Aired December 8, 2012 on Dave’s Gone By. Youtube clip: http://youtu.be/E8lvJUkZOQs
Shalom Dammit! This is Rabbi Sol Solomon with a Rabbinical Reflection for the week of December 9th, 2012.
Happy Chanukah everybody! What a joy to find ourselves lighting the menorah, spinning the dreidel, eating the latkes, and making believe we’re not jealous of the people across the street celebrating Christmas. December, the very fulcrum of winter, is the perfect time for a holiday that brings us all together for food and fun. Actually, January would be better because December is still close to Thanksgiving and you have more football, but I’m not one to bitch.
To be honest, Chanukah is not the most important holiday. Passover, when we got the hell out of Egypt, that was bigger. Shavuot, where God gave us the Torah – that’s a big one, too. Yom Kippur, where we beg HaShem to forget what a bunch of schmucks we are, pretty major. Chanukah merely celebrates a military victory. Jerusalem was under the control of Syrians and Greeks who forbade the practice of Judaism. Matisyahu – not the reggae, the rebel – Matisyahu and his family rebelled, killed a few people, and took to the hills for training. They came back as an army and forced the Greeks out of the Holy Land.
When Jews went to re-claim the great temple, they saw that it had been defiled. Pigs were slaughtered on the altar. False idols were placed in positions of worship. A giant screen was tuned to QVC. The Jews immediately set about purifying the synagogue. And they probably also repainted a little because there was chipping and you could see the primer. Anyhoo, they started to burn some ritual oil in the candelabra. There was only a teeny bit left, so they figured it would burn for a day or two. What a shock when that minuscule drop of oil stayed lit for eight full days. I had an uncle who stayed lit for ten days, but it took him a case of Jack Daniels to do it. Eight days was just long enough to re-consecrate the temple, long enough to make our children say, “Eh, it’s just chocolate money, but we get it for a week!”
What is the modern significance of Chanukah? What do we learn from this Festival of Lights? First of all, we learn that you can do almost anything if you put your mind to it. One Jewish family defied the laws of the land and created a revolution. Instead of bowing before the Greeks – because we all know, Greeks like it when people bend over – they triumphed as the Maccabees. “Mac” because they became the Syrians’ mac daddies; “bees” because they stung the enemy in the tuchas.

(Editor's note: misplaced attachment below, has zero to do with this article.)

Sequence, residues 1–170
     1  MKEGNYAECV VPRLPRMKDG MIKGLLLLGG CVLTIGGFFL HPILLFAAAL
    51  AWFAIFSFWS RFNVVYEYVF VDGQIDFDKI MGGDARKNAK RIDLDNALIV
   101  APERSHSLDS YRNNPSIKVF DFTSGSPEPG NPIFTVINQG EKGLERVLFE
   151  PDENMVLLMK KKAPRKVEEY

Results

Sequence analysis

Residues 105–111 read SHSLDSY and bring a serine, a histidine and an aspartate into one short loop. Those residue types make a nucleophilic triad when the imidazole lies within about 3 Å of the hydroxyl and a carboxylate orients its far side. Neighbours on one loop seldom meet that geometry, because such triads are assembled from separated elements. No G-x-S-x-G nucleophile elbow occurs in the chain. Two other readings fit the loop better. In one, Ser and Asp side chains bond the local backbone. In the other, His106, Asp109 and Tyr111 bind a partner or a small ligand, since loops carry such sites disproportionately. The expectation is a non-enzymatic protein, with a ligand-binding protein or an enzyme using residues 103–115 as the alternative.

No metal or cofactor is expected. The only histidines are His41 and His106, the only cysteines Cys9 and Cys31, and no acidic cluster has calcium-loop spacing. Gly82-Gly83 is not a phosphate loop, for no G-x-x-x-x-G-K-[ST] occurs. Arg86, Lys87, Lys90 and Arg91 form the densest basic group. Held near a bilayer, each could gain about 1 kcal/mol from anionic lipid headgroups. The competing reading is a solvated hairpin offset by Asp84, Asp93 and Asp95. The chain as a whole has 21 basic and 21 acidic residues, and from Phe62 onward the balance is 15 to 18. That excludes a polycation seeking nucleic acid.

We also learn that miracles happen if you let a little faith go a long way. Have you ever bought a lightbulb that was supposed to last a year, and a decade later, the thing’s still working? It happens. In the hands of HaShem, time is a malleable construct. Sometimes, when I give a sermon, people tell me they look at their watch and it’s been twenty minutes – but it feels like seven hours. A miracle!
Most importantly, we learn from the Chanukah holiday that things can look as bleak and horrible as the schmutz on the bottom of a toaster oven. But HaShem gives us the blessing of change. To quote Bob Dylan, “The wheel’s still in spin.” 2,200 years ago, the Temple was trashed and out of Jewish hands, and then, a week later, it’s ready for kosher catering. So when we look at the crisis in the middle east, or the fiscal cliff, or the music of Kid Rock, we have to say, “It’s all right. The world turns, and nothing truly lasts forever. Except an Orthodox seder.”
But that’s a different holiday. This one is Chanukah with candles and dreidels and latkes and Adam Sandler and jelly donuts and, thanks to fracking, enough oil to last eight centuries.
Dreidel dreidel dreidel,
I made you out of plexiglass.
And if you don’t like Chanukah,
Then you can kiss my sexy ass.
This has been a Rabbinical Reflection from Rabbi Sol Solomon, Temple Sons of Bitches in Great Neck, New York.
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